Alex Rodriguez says he has no plans to waive no-trade clause

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The Yankees have been ousted from the postseason, but the saga of Alex Rodriguez continues.

Rodriguez told Peter Botte of the New York Daily News after today’s loss to the Tigers that he has no plans to waive his no-trade clause and intends to return to the Yankees next season.

“That’s correct. I will be back. I have a lot to prove.”

Bob Nightengale of USA Today reported this morning that while Rodriguez wouldn’t request a trade, he also wouldn’t stand in the way of a deal to another large-market team. Meanwhile, Jon Heyman of CBSSports.com reported this afternoon that the Marlins and Dodgers “thus far seem far less than anxious to acquire” Rodriguez. Of course, a lot can change over the course of the offseason and we’re just getting started.

After posting a career-low .783 OPS in 122 games during the regular season, Rodriguez went 3-for-25 (.120) with 12 strikeouts during the postseason and lost playing time and at-bats to the likes of Eric Chavez and Raul Ibanez. The 37-year-old is still owed $114 million over the next five seasons, so the Yankees would likely have to cover a significant portion of his contract in order to make a deal feasible.

Who is the fastest sprinter in baseball?

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We’re not talking the 100 meters here. We’re talking practical baseball sprinting. That’s defined by the StatCast folks at MLB as “feet per second in a player’s fastest one-second window,” while sprinting for the purposes of, you know, winning a baseball game.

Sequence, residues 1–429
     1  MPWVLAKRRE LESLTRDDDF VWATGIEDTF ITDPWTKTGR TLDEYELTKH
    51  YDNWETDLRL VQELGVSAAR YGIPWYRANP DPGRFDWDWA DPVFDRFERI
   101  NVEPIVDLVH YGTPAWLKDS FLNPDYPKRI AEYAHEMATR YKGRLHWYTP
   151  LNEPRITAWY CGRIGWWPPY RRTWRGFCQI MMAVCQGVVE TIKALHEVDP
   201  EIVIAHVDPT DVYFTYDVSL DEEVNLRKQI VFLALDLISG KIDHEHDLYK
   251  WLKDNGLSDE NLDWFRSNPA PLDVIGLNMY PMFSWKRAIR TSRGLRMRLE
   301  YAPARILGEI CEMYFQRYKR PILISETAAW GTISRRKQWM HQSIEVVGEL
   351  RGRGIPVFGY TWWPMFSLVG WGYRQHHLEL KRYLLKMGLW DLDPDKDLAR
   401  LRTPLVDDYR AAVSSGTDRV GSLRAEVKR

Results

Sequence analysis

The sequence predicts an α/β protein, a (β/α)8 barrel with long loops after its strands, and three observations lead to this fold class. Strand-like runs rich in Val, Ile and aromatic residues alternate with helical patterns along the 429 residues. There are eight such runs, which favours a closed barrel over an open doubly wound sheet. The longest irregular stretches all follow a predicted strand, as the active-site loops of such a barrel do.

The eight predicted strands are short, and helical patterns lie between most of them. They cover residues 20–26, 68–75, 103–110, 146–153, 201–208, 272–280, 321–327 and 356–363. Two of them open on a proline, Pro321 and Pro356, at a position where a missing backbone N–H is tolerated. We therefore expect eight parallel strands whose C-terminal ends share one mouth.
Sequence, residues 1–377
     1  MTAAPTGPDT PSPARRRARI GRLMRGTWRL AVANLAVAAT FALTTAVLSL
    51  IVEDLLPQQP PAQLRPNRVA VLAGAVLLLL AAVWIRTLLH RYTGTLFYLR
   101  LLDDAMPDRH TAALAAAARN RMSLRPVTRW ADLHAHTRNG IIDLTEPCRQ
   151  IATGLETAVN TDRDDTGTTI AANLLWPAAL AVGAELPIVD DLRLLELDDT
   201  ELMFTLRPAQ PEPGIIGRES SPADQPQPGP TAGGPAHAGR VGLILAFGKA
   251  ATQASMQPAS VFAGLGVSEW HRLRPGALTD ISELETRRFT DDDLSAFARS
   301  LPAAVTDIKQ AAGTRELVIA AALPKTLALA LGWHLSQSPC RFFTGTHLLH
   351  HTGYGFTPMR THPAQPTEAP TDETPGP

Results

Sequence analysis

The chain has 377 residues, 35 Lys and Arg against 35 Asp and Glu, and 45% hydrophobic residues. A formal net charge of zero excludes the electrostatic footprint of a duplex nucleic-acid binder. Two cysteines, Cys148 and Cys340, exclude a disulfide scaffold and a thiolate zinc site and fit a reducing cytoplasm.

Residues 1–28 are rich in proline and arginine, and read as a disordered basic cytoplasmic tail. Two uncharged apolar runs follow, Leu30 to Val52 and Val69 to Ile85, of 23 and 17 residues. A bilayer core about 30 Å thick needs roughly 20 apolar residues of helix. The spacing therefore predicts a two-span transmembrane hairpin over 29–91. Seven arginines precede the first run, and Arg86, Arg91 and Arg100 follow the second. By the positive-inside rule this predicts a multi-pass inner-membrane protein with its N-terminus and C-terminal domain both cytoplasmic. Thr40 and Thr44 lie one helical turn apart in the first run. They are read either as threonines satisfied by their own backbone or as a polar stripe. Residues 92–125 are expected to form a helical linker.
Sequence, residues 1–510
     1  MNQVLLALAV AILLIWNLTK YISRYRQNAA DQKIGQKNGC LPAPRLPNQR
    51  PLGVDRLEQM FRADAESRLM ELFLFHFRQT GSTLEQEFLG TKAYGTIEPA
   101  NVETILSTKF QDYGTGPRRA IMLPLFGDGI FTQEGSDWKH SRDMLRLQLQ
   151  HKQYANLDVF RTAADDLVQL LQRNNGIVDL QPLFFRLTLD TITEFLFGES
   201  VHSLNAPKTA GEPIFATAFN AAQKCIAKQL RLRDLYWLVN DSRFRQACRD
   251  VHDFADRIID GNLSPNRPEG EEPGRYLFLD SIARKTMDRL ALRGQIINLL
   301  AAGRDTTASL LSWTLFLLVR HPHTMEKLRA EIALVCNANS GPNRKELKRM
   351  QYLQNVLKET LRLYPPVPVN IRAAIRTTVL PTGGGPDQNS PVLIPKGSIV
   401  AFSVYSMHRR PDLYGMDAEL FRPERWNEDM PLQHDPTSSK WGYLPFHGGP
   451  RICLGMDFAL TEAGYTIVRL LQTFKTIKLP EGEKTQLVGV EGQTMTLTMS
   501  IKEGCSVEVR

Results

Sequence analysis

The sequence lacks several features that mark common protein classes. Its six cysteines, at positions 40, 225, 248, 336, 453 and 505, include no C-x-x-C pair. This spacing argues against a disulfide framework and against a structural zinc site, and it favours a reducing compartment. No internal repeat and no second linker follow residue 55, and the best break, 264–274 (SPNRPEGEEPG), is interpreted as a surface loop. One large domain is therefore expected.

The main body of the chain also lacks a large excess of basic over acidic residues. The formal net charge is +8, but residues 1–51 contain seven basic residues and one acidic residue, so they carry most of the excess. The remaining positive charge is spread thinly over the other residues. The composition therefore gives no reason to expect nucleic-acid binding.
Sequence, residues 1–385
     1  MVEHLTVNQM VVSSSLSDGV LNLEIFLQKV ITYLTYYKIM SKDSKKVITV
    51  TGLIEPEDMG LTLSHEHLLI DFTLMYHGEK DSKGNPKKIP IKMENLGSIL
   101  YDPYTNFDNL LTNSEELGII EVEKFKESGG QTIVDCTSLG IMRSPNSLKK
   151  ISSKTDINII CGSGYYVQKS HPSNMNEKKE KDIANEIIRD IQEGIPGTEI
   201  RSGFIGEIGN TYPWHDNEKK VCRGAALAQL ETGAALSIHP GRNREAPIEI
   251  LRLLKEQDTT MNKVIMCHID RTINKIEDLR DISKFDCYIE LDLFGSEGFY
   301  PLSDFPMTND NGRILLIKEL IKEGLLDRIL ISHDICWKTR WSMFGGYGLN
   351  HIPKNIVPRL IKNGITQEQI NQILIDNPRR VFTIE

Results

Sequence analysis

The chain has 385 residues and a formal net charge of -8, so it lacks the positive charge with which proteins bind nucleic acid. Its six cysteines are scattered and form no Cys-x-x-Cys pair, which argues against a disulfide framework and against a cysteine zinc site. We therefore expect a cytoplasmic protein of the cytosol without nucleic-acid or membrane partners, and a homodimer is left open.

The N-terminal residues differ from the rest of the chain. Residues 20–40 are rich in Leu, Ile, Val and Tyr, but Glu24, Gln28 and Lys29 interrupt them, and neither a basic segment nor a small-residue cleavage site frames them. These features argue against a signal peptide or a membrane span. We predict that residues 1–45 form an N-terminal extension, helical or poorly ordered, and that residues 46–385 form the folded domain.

StatCast ranked all players who have at least 10 “max effort” runs this year. I won’t give away who is at the top of this list, but given that baseball’s speedsters tend to get a lot of press you will not be at all surprised. As for the bottom of the list, well, the Angels don’t pay Albert Pujols to run even when he’s not suffering from late career chronic foot problems, so they’ll probably let that one go. I will say, however, that I am amused that the third slowest dude in baseball is named “Jett,” however.

Lately people have noticed some odd things about home run distances on StatCast, suggesting that maybe their metrics are wacko. And, of course, their means of gauging this stuff is proprietary and opaque, so we have no way of knowing if their numbers are off the reservation or not. As such, take all of the StatCast stuff you see with a grain of salt.

That said, even if the feet-per-second stuff is wrong here, knowing that Smith is faster than Jones by a factor of X is still interesting.

Here are the final All-Star voting results before the close of balloting

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All-Star voting ends this Thursday night, just before midnight eastern time. The All-Star teams — at least how they’ll appear before the dozen or two substitutions we’ll get before the game — will be unveiled on Sunday at 7pm on ESPN, just before Sunday Night Baseball.

Which means you still have time to alter these standings, which now stand as the final update before things are set in, well, not stone, but at least some Play-Doh which has been left out of the can too long and is kinda hard to mess with.

NATIONAL LEAGUE

AMERICAN LEAGUE